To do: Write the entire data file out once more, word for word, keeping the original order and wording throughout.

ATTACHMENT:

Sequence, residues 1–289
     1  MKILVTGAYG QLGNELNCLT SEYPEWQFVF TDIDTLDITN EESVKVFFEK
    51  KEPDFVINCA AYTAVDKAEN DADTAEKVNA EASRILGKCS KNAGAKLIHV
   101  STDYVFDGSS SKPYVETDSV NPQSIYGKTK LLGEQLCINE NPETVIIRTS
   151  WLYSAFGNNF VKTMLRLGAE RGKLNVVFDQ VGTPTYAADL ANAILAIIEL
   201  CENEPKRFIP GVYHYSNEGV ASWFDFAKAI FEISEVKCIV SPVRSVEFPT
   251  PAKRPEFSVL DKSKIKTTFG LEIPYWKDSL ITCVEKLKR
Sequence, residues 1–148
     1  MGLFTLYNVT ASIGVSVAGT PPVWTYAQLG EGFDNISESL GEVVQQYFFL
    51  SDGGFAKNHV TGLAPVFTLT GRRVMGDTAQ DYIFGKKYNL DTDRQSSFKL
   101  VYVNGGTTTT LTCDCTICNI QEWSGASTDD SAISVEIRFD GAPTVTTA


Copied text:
Sequence, residues 1–289
     1  MKILVTGAYG QLGNELNCLT SEYPEWQFVF TDIDTLDITN EESVKVFFEK
    51  KEPDFVINCA AYTAVDKAEN DADTAEKVNA EASRILGKCS KNAGAKLIHV
   101  STDYVFDGSS SKPYVETDSV NPQSIYGKTK LLGEQLCINE NPETVIIRTS
   151  WLYSAFGNNF VKTMLRLGAE RGKLNVVFDQ VGTPTYAADL ANAILAIIEL
   201  CENEPKRFIP GVYHYSNEGV ASWFDFAKAI FEISEVKCIV SPVRSVEFPT
   251  PAKRPEFSVL DKSKIKTTFG LEIPYWKDSL ITCVEKLKR
Sequence, residues 1–148
     1  MGLFTLYNVT ASIGVSVAGT PPVWTYAQLG EGFDNISESL GEVVQQYFFL
    51  SDGGFAKNHV TGLAPVFTLT GRRVMGDTAQ DYIFGKKYNL DTDRQSSFKL
   101  VYVNGGTTTT LTCDCTICNI QEWSGASTDD SAISVEIRFD GAPTVTTA